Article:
Creation of Risk Reduction Model for Prescription Drug Services
S887: This bill has already been approved and is now law. It requires the Division of Medical Assistance and Health Services in the DHS to contract with a third party entity to apply a risk reduction model to prescription drug services provided under the Medicaid program for the purpose of identifying and reducing simultaneous, multi-drug medication-related risk and adverse drug events, enhancing compliance and quality of care, and improving health-related outcomes while reducing total cost of care in a measurable and reportable manner. To carry out this purpose, the model will leverage Medicaid prescription drug claims data, pharmacokinetic and pharmacodynamic sciences, appropriate technologies, clinical call centers located in New Jersey and staffed by board-certified pharmacists, and include coordination of services with a network of local community pharmacies located throughout the state. For the duration of the contract, the division will share the medical and pharmacy claims data for all Medicaid beneficiaries with the third party entity administering the model for the purposes of effectuating the model, which claims data will include historical data.
New Jersey Easy Enrollment Health Insurance Program for the Un-insured
S3238: This bill, which passed both houses and awaits the Governor’s signature, establishes a program to help improve access to health care. The bill requires the Department of Banking and Insurance (“DOBI”) to establish and operate the New Jersey Easy Enrollment Health Insurance Program (the “program”). The program would identify which uninsured residents would be interested in obtaining minimum essential coverage and if they are eligible for insurance affordability assistance. DOBI is required to integrate the program with the State-based health insurance exchange. Residents who qualify for affordability assistance and are interested in obtaining insurance would be contacted through the program to receive assistance enrolling in a plan.
Further Changes to the Garden State Health Plan
A5825: This bill, which has already been approved, changes the effective date of the new Garden State Health Plan for the School Employees’ Health Benefits Program and for local education employers, as established by P.L.2020, c.44, from July 1, 2021 to January 1, 2022. This bill also clarifies that charter school and renaissance school employers do not have to implement the provisions of P.L.2020, c.44 unless they have a collective negotiation agreement with any of their employees in effect on or after the effective date of P.L.2020, c.44, July 1, 2020. Among other changes, this bill provides that for any period of time during which the school district as an employer does not have to pay a premium or periodic charge for any health care benefits plan or program provided to its employees through the School Employees’ Health Benefits Program, then an employee enrolled in such plan or program will not be required to make the employee’s contribution toward that premium or periodic charge during that period of time. The bill also requires a board of education and the majority representative of its employees to engage in collective negotiations to substantially mitigate the financial impact of the difference when the net cost, which is the cost after deducting employee contributions, to the employer for health care benefits is lower than the cost to the employer would be compared to the New Jersey Educators Health Plan. The bill also requires any school district with an increase in net cost as a result of the changes in P.L.2020, c.44 to commence negotiations immediately, unless mutually agreed upon by the employer and the majority representative of employees to opt to substantially mitigate the financial impact to the employer as part of the next collective negotiations agreement.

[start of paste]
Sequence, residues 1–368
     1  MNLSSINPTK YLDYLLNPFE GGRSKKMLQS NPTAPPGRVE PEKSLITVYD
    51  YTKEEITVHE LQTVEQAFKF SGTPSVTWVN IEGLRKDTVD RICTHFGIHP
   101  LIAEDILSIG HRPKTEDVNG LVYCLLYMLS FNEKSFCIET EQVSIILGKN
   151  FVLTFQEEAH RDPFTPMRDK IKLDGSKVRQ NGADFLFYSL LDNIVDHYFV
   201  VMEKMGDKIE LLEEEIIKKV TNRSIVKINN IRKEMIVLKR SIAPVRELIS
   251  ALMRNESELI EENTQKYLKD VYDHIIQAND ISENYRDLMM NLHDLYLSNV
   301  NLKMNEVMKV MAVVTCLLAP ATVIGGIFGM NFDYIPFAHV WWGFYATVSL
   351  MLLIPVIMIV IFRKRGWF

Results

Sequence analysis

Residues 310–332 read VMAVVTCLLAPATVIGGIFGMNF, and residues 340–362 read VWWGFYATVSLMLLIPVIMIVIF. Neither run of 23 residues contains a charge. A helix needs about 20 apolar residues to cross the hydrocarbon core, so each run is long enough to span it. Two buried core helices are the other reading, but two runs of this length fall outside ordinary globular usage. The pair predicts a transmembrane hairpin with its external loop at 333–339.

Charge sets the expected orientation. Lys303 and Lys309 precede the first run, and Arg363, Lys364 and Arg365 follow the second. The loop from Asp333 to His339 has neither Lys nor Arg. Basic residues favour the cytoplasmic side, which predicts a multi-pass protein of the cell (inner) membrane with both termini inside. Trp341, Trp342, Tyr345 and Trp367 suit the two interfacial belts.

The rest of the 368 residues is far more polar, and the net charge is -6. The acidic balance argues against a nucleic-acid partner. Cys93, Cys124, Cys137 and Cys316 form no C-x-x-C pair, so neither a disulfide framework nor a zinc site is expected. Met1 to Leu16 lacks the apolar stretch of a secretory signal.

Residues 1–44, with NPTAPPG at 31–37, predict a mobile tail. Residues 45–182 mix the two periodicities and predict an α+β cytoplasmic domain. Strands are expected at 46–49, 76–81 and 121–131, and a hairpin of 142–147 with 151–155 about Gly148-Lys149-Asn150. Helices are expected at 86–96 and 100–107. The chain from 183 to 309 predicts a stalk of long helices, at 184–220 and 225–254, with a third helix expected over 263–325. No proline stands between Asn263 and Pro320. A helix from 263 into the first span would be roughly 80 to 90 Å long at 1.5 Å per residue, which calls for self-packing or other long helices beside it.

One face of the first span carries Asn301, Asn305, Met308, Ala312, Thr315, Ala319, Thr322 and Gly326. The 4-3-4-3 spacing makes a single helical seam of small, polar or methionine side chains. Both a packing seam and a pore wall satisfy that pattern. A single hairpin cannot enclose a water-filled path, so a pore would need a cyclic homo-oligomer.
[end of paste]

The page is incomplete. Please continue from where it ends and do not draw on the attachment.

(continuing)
Premium Wipe Out for NJ Family Care
S3798: The bill generally prohibits requiring enrollees in NJ FamilyCare to pay premiums as a condition of participation in the program, but premiums may still be required for enrollees who exceed income limits but elect to buy into NJ FamilyCare. The bill eliminates a provision in the current law that requires certain children who were voluntarily dis-enrolled from employer-sponsored group insurance coverage to be deemed ineligible for enrollment in NJ FamilyCare for a certain period, and provides that no waiting periods may be imposed against any applicant for the program who is otherwise eligible for enrollment. The bill also requires DOBI, in consultation with the Commissioner of Human Services, to take steps to ensure the full incorporation of the Medicaid, NJ FamilyCare and NJ FamilyCare Advantage Programs on the State’s health insurance Exchange and the individual health coverage marketplace. This bill has already been approved by the Governor.